There is a shell game going on in the annuity sales industry and it is putting the life insurance industry and the annuity consumer at greater risk.
In the past 20 years annuities have grown to become the most important sales and revenue source for the life insurance industry. As the sales of traditional life insurance products declined, the annuity, once a staid, boring product considered appropriate only for “widows and orphans” has become the difference between success and failure for insurance companies and the agents who sell the product.
Third quarter sales of fixed annuities increased 50 percent over the same quarter in 2007 and it is estimated that in 2008 the sales of fixed annuity policies will exceed $100 billions dollars. This amount is a significant increase over the past few years and is being ballyhooed by insurance company executives as a demonstration of their great leadership and marketing skills. However, one should be careful not to get too excited over the reported growth in annuity sales, because there is a dirty little secret behind these sales numbers that insurance company managements do not like to acknowledge, let alone brag about.
And that dirty little secret is that up to 70 percent of the insurance industry’s “new” annuity sales are, in fact, not new sales at all, but simply the “repositioning” of annuity funds from one company to another.
The bulk of new annuity sales being reported by the insurance industry do not represent new money entering the industry from banks and investment firms, but “old” money already being held within the insurance industry. The truth is that annuity sales have become a giant shell game in which funds already held by the industry are shifted from one company to another.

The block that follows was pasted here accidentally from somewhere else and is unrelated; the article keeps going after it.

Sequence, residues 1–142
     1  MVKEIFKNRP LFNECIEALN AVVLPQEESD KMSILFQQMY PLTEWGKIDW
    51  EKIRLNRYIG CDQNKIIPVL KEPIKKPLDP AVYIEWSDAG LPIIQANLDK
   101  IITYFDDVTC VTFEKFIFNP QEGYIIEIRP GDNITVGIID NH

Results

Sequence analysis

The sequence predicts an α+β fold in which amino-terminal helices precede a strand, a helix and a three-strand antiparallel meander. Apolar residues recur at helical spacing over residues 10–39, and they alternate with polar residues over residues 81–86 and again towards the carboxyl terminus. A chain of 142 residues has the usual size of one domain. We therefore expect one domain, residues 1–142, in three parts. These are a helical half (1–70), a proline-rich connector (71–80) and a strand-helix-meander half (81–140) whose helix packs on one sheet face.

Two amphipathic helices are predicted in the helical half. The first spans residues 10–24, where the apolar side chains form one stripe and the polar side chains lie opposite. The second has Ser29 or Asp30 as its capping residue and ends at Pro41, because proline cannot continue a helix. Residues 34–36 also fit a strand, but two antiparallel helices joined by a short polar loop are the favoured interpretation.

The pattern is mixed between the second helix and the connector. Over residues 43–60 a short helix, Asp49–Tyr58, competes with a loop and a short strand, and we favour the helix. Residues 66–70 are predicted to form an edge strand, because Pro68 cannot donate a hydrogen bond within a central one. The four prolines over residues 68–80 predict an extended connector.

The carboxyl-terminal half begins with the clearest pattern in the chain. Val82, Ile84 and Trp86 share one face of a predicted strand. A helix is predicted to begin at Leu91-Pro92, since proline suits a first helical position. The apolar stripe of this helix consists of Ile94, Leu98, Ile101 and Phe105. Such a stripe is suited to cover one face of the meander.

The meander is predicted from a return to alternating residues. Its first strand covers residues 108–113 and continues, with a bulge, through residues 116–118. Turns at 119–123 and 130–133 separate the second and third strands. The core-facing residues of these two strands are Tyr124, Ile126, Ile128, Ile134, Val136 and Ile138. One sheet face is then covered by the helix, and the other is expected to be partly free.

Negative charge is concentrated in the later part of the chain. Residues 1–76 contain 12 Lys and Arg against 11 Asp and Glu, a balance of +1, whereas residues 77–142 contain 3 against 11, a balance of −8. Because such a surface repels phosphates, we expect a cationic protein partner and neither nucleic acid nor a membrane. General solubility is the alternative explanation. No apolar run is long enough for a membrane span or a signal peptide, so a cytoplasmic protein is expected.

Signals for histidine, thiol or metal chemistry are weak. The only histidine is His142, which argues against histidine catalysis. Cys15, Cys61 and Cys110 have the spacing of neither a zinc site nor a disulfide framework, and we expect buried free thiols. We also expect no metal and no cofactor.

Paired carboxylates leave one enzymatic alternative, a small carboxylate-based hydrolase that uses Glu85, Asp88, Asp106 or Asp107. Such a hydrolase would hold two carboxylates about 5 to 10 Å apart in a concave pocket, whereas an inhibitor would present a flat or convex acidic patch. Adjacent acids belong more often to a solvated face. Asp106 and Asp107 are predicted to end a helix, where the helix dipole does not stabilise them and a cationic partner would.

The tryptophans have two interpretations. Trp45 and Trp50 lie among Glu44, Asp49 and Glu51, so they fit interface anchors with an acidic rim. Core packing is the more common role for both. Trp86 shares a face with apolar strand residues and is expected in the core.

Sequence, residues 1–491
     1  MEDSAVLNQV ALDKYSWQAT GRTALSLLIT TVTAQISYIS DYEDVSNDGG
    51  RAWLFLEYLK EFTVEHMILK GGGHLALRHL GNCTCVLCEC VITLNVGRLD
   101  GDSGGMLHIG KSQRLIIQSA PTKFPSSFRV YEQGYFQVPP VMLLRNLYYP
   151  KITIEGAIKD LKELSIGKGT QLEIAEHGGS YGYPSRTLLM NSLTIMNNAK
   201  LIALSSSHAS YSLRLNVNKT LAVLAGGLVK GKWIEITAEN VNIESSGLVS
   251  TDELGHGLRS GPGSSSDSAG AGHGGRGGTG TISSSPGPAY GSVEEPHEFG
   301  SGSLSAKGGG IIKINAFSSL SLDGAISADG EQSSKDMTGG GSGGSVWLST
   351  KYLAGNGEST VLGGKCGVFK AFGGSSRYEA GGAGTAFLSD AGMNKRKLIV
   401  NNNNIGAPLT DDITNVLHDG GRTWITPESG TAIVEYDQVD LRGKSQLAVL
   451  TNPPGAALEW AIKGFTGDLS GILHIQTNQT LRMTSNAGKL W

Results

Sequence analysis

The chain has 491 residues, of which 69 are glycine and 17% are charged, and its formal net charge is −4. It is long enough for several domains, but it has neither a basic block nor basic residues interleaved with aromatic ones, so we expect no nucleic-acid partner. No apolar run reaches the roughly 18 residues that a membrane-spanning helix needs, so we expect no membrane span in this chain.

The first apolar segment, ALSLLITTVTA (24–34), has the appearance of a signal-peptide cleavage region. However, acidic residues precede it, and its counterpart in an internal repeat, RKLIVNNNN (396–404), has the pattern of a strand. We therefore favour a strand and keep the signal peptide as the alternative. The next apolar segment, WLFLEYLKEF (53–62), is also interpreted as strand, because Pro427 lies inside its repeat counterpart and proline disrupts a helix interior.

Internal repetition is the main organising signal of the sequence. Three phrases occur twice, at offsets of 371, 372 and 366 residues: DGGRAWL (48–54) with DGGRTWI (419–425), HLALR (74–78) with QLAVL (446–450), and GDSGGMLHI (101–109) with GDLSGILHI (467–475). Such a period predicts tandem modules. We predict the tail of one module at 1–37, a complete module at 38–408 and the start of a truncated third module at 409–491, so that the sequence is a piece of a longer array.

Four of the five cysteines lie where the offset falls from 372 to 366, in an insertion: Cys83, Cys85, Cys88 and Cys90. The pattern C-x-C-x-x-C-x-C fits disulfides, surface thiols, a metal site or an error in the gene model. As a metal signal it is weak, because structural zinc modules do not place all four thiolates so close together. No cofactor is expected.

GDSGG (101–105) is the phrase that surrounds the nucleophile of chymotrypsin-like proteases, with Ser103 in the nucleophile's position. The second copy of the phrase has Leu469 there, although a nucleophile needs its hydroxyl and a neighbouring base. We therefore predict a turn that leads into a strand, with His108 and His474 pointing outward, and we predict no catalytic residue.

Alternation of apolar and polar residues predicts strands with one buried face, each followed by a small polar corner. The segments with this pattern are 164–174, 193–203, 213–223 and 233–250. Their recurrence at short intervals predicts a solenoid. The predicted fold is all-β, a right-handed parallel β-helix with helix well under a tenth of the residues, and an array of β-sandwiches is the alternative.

It has not always been this way. Twenty years ago virtually all annuity sales represented new money flowing into the insurance industry from outside sources, especially from banks and investment firms. (After all, there had been no real annuity sales effort prior to that time.) The new annuity products were designed to attract new funds into the insurance industry by offering creative, secure and innovative alternatives. But, that has now changed.
The annuity funds held by insurance companies have become like a giant pool of money that sloshes from one company to another. The intra-industry movement of annuity funds has become such a large part of annuity sales that virtually every company working in the annuity market has a specific department (often called “transfer and exchange”) charged with one task: to manage the transfer of annuity funds from one insurance company into another. These funds flow back and forth among insurance companies like cronies playing a weekly poker game.
Certainly a good portion of the third quarter increase in annuity sales was driven by the current financial crisis as the consumers, in a flight to safety, transferred their funds – of what is left of them — out of investment products and into annuities. But it is also clear that a good portion of this “increase” in sales came from funds being transferred out of AIG, Hartford and other companies identified in the financial crisis. There may be good reason for consumers to move funds out of these companies, but it is misleading to consider them “new” sales.
To get a true picture of the actual new sales of annuity products one would have to subtract out all the “transfers and exchanges” made within the industry. But the companies do not want to do that, because it would show a very different picture of value being created by insurance companies and the industry in total. The real irony in this situation is that oftentimes more business is being moved out the back door of one company to other companies faster than “new” business is coming in, and yet the company being raided can still report an “increase in sales.”